The Ikea Effect: Manipulating your enjoyment of the everyday.

Stuart: Here’s a guest post from my good friend Sam Roberts, who I hope might be compelled to start his own blog very soon! Enjoy.

If I could make a single New Year’s Resolution suggestion, it would be to make the effort to prepare one’s own evening meal every day (or at least share the responsibility with a partner or housemate). The beneficial effects of this simple change are numerous, and mostly obvious, so I won’t touch on them; but what I will try to bring together is how this relates to the seemingly unrelated title.

The IKEA effect is a cognitive bias proposed in a 2011 Harvard Business School paper, which leads a person to putting a disproportionally high value on something they have at least partially created. The suggestion that labor enhances affection for its results is something that we can use to our advantage, both in a business setting and a personal one. I consistently encourage my clients to take an active role in the construction of a brief, and try to incorporate them in the process of creating work wherever it is sensible. This has seemingly led to better results, however this could well be a confirmation bias on my part.

Stuart: Buy one of these. They will change your life.

On a personal level however, we can use it to enhance the satisfaction we derive from anything, from house decorations to the food we eat. If you are not the cooking type, then you can always cheat your way to creativity (we could call this a Culinary Ikea Flatpack): get some ready-made tortellini and knock up a simple tomato sauce, or just throw ingredients into a slow cooker, given enough time anything will taste good. Those few moments of thought and execution can do wonders for the level of enjoyment you get from eating, and even partially home cooked delights can prove a much needed treat after a long day.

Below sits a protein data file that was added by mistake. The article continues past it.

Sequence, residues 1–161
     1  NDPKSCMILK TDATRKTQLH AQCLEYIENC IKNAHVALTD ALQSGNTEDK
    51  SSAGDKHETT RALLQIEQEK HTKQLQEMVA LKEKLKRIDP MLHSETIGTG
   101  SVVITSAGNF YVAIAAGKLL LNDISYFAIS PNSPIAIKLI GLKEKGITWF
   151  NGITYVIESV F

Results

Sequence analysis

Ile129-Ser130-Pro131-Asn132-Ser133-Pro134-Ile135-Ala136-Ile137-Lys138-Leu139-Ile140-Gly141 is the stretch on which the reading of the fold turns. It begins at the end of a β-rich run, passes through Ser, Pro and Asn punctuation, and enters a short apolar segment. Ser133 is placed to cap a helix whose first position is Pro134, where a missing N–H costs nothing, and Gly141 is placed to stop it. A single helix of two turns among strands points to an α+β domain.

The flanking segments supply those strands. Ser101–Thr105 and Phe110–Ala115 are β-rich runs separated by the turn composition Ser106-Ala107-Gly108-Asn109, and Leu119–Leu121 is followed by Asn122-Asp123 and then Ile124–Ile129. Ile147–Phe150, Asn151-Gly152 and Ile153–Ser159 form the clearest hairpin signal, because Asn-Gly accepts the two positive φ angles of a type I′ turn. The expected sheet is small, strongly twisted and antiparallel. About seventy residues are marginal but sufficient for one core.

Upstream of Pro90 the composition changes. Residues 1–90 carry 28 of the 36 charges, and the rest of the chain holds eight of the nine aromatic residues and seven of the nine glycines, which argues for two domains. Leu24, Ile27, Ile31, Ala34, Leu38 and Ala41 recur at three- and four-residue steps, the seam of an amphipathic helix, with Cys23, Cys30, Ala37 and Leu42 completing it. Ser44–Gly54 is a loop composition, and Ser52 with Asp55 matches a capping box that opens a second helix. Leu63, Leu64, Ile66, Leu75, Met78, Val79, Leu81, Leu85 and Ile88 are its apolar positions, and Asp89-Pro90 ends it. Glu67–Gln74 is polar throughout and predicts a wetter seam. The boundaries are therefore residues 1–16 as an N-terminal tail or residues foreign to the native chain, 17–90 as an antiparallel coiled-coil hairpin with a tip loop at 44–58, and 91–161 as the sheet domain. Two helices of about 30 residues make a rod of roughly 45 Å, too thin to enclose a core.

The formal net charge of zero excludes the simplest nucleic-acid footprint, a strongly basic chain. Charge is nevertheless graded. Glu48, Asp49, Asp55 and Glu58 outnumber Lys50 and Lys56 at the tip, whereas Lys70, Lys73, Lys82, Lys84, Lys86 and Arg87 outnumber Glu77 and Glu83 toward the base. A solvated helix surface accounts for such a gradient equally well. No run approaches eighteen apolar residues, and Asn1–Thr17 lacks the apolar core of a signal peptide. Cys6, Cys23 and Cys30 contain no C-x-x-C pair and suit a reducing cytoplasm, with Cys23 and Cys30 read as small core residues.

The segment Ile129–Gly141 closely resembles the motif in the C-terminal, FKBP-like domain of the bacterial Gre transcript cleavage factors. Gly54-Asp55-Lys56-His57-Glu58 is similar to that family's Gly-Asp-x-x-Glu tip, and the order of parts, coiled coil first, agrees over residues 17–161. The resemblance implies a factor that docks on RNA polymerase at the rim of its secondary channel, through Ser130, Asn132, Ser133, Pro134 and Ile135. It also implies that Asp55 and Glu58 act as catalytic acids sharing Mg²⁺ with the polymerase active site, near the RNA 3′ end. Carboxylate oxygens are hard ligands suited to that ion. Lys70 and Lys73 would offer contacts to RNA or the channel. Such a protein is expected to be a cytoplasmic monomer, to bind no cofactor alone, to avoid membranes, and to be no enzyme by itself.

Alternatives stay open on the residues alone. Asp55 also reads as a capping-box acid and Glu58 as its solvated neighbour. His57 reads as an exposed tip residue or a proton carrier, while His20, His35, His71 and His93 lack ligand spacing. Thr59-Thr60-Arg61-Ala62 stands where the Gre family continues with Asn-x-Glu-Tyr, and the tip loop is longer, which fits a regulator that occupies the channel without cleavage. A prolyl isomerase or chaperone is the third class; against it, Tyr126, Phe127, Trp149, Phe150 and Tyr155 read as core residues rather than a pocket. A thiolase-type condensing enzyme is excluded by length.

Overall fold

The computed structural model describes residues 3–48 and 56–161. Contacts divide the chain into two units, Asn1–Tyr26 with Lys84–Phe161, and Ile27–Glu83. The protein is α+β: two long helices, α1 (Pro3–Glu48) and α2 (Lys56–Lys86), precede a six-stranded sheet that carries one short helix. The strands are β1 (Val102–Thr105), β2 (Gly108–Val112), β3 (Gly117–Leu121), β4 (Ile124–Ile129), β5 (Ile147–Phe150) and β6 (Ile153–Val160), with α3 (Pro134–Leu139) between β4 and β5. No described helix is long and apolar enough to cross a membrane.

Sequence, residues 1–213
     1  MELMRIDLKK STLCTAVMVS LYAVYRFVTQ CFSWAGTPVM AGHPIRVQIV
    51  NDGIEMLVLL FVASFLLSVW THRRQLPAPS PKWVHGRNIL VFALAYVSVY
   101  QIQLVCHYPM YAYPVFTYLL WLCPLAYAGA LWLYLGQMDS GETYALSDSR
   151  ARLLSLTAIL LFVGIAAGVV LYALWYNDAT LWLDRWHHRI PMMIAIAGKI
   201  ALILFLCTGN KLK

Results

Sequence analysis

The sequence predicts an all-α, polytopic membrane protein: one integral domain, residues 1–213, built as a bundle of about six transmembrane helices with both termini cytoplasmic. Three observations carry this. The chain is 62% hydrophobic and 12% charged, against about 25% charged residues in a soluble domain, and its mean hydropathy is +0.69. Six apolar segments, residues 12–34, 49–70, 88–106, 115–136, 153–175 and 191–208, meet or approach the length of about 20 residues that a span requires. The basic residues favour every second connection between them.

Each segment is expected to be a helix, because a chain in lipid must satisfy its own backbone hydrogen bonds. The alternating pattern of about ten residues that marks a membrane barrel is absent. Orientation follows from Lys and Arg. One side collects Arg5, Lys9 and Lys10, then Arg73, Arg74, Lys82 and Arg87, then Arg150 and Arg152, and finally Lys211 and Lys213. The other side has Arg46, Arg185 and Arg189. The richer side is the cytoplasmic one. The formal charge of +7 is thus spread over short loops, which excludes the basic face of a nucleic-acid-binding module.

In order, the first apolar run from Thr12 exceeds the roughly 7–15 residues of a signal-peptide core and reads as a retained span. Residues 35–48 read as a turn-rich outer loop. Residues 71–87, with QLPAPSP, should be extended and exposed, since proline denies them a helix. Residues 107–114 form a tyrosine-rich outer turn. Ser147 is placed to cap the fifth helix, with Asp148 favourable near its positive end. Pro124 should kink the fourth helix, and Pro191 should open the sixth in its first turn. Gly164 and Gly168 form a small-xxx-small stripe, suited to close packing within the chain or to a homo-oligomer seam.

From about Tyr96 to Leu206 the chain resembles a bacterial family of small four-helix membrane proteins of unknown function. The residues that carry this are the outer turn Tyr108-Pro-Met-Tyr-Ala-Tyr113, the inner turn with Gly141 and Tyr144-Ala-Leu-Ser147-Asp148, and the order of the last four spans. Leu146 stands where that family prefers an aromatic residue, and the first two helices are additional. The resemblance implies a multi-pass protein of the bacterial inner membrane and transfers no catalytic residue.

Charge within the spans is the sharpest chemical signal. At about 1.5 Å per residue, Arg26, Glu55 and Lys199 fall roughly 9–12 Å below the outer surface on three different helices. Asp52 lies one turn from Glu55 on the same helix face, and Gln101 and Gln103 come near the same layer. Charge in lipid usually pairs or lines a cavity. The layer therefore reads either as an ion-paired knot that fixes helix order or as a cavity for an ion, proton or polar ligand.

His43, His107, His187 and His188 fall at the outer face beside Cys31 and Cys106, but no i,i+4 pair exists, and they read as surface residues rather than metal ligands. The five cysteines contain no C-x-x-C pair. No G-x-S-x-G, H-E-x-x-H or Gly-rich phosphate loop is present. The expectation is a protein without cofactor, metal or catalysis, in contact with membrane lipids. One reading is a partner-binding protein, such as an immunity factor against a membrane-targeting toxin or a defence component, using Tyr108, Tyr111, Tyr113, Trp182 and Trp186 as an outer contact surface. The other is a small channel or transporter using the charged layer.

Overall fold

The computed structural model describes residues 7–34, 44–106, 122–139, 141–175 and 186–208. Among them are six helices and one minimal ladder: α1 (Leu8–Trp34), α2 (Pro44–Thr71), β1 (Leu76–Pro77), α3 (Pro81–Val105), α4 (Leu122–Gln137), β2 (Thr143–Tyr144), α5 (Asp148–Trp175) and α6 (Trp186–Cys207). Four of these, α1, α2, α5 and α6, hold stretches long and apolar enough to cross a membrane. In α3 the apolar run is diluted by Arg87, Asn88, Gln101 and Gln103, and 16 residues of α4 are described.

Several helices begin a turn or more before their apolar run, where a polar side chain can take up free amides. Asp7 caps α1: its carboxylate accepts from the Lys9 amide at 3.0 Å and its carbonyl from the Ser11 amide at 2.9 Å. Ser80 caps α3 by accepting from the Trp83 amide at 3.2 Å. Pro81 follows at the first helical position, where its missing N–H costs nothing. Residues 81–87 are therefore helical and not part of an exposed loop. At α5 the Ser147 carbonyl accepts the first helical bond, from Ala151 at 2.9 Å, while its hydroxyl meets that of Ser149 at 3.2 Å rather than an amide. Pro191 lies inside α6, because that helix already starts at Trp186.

Be careful though when cooking for others, as the study concluded that we also mistakenly think other people will share in our excitement over our inferior creations, so best to find an objective third person before serving up your slow-cooked stew to a first date.

Stuart: Great post! Some more good brain food from the co-authors of the HBS paper.

Michael Norton: See his new book Happy Money: The Science of Smarter Spending, and his TED talk on how to buy happiness.

Daniel Mochon: follow him on Twitter.

Dan Ariely: See his TED talk on decision making, and his Coursera introduction to irrationality.

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Author: Stuart Hughes

Twenty-something from the hills and vales of Wales, grappling with the logistics of becoming a little more cosmopolitan.

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